JOANN KALENAK/DCCR BLOGGER — In a recent joint work session, County Commissioners, staff and members of the Planning Commission discussed possible changes to the Land Use Code. While no decisions were made since this requires discussion in open business session, several pretty dramatic changes have been proposed.
County Planner Carl Holm presented redline suggestions that included the elimination of the A5 zone, which is currently defined as agricultural land at a minimum lot size of five acres. Two new zones have been proposed to take its place: Rural Density and Low Density Residential.
Officials also talked about new requirements for commercial solar farms and other renewable energy facilities, a hot topic in Delta County given the recent denial by Commissioners of a 472-acre solar farm on Garnet Mesa.
Holm first suggested a redefinition of “commercial” in terms of megawatt production from the current 100MW to 20MW. This met with much consternation on the part of meeting participants and proved to be a divisive topic.
Next, Holm proposed that no commercial renewable industry be permitted in an A35 zone. It’s important to note that gravel quarries, salvage yards and hazardous waste landfills are among the uses permitted in an A35 zone under conditional consideration. Commercial renewable facilities would also NOT be permitted in the proposed Low Density Residential zone.
Another important note: At today’s public meeting, Commissioners approved a heavy industrial project (e.g., explosives, rock crushing, tannery) in an A5 zone. Under the proposed zoning changes presented at the work session, this project would not have been eligible for permitting.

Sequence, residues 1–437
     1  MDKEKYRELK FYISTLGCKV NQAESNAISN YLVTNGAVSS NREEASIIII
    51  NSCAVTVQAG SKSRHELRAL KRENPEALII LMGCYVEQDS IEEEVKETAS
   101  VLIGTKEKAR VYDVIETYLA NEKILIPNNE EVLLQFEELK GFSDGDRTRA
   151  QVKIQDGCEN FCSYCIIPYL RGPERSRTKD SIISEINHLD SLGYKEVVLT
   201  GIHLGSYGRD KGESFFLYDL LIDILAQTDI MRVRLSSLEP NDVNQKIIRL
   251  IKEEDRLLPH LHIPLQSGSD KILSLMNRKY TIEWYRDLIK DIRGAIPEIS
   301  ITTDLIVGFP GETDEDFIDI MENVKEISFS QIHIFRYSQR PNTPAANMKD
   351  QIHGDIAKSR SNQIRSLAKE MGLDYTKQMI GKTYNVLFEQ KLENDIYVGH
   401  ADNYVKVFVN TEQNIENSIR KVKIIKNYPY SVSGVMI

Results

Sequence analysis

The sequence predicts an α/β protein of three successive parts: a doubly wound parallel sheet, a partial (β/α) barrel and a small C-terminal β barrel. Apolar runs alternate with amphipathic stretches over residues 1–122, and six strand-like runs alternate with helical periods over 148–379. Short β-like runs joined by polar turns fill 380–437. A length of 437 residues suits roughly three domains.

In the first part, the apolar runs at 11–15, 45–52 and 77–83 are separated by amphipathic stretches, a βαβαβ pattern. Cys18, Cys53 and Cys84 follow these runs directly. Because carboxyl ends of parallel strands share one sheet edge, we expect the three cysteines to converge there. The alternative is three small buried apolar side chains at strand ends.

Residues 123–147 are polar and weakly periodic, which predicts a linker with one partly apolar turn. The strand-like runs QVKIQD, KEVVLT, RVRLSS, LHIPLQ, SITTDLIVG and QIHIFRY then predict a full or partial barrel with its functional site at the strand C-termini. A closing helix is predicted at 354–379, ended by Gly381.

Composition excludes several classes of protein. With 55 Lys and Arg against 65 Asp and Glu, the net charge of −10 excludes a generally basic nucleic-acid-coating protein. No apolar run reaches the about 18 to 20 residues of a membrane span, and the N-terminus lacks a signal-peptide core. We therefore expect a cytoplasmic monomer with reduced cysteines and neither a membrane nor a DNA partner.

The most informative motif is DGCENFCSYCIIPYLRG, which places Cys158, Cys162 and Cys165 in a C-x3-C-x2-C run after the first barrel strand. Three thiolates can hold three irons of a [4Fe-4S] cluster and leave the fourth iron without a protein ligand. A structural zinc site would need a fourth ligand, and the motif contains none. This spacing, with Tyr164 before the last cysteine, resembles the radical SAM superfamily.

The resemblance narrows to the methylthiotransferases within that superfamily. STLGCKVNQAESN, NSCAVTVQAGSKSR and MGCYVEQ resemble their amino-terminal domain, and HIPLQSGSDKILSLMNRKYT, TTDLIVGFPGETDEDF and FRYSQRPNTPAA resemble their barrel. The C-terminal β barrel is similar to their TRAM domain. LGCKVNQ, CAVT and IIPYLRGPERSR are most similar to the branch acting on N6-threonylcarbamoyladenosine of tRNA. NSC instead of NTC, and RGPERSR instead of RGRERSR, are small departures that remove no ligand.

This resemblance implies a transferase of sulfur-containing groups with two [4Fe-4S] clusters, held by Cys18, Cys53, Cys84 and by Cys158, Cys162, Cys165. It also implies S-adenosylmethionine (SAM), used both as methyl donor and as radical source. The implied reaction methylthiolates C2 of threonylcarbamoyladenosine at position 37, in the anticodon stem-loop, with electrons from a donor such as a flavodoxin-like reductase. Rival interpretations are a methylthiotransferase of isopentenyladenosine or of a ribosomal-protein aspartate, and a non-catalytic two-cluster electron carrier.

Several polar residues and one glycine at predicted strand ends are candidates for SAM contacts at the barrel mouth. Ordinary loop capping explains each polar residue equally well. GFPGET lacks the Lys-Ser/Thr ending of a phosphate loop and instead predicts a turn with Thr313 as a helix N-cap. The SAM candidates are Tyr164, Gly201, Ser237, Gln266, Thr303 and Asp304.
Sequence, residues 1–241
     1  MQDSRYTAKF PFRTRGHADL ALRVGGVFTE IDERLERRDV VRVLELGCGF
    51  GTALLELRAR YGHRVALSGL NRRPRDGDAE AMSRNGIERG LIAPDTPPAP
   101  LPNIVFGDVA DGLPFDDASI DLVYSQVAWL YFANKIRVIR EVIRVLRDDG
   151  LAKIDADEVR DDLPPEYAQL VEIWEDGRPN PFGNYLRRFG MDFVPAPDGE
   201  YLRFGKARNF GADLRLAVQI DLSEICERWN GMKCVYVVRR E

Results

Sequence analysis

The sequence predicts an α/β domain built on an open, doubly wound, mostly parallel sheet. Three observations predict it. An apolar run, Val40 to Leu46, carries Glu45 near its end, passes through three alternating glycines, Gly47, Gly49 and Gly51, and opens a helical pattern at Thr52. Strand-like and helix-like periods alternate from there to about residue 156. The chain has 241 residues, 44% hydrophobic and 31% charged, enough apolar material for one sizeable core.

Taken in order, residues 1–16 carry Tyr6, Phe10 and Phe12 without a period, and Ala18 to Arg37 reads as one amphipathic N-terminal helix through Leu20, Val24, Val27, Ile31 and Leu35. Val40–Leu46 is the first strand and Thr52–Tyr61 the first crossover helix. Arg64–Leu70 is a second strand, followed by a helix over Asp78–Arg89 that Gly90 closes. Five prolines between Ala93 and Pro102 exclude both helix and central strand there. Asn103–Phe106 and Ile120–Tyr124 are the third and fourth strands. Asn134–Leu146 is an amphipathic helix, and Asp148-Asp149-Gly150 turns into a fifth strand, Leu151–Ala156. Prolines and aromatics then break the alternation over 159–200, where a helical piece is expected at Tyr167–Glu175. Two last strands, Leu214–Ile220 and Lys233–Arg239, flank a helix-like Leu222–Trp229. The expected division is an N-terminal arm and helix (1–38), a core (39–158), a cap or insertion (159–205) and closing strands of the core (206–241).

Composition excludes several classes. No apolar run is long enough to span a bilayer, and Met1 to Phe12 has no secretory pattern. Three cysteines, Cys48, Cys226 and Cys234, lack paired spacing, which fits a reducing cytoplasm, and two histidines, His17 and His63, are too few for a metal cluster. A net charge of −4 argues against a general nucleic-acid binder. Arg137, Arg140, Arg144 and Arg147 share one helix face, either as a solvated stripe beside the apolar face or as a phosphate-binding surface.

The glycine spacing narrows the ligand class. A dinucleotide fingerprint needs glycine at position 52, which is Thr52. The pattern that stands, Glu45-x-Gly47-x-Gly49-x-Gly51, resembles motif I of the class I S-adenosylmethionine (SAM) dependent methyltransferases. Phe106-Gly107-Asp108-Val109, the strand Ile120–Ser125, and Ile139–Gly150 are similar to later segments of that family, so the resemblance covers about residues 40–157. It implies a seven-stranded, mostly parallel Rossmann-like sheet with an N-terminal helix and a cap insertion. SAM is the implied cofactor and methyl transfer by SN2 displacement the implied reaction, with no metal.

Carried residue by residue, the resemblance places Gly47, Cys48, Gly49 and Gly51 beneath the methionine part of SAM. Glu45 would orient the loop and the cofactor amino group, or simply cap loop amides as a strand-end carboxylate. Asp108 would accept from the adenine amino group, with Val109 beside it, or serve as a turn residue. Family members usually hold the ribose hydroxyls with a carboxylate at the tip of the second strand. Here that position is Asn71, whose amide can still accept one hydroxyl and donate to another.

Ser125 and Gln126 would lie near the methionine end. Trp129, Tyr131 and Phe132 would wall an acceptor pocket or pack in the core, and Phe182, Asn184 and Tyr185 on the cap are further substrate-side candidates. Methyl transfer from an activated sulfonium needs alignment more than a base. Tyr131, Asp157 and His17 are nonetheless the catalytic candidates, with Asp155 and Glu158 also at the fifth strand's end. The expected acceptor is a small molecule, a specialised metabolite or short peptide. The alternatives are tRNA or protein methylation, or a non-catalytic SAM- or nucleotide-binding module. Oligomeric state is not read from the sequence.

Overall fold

COMMISSIONERS APPROVE HEAVY INDUSTRY BUSINESS IN A5 ZONE WITHIN MILES OF DENIED SOLAR FARM
Despite issues with poor road conditions and an unreviewed truck route traffic study by CDOT, Commissioners approved a concrete batch plant that would put 50-plus heavy trucks on 1900 Road close to DMEA’s transmission station on Garnet Mesa, the site of a recently denied solar farm.
Commissioner Wendell Koontz asked the outsourced engineer who performed the Level III traffic study for the applicant if he was certified to perform such a study. The engineer told Commissioners that he was a Professional Engineer (PE) who has done many traffic studies but that he was not a Professional Traffic Operations Engineer (PTOE).
“Prior county policy required a PTOE to perform a Level II and III traffic study,” says former County Engineer Bob Kalenak.
Nearby neighbor, Chuck Cherek, told Commissioners that he had spoken with CDOT yesterday and was told that the agency had not reviewed the traffic study, as required, and had many questions about what was being presented.
QUESTIONS REMAIN ABOUT THE NEED FOR SALES TAX INCREASE FOR HOSPITAL
Delta Health CEO Matt Heyn presented a brief slide presentation to Commissions at today’s public meeting describing the hospital’s community contributions and the facility’s current financial situation.
Heyn told Commissioners that receiving Sole Community Hospital designation is “PLAN A” and the sales tax initiative on the upcoming May ballot is “PLAN B” as a solution to make up income losses created by the pandemic.
Commissioner Suppes asked why both solutions were needed now that the hospital has recently received Sole Community Hospital designation. Heyn danced around his response saying that “both would put the hospital in good shape” going forward.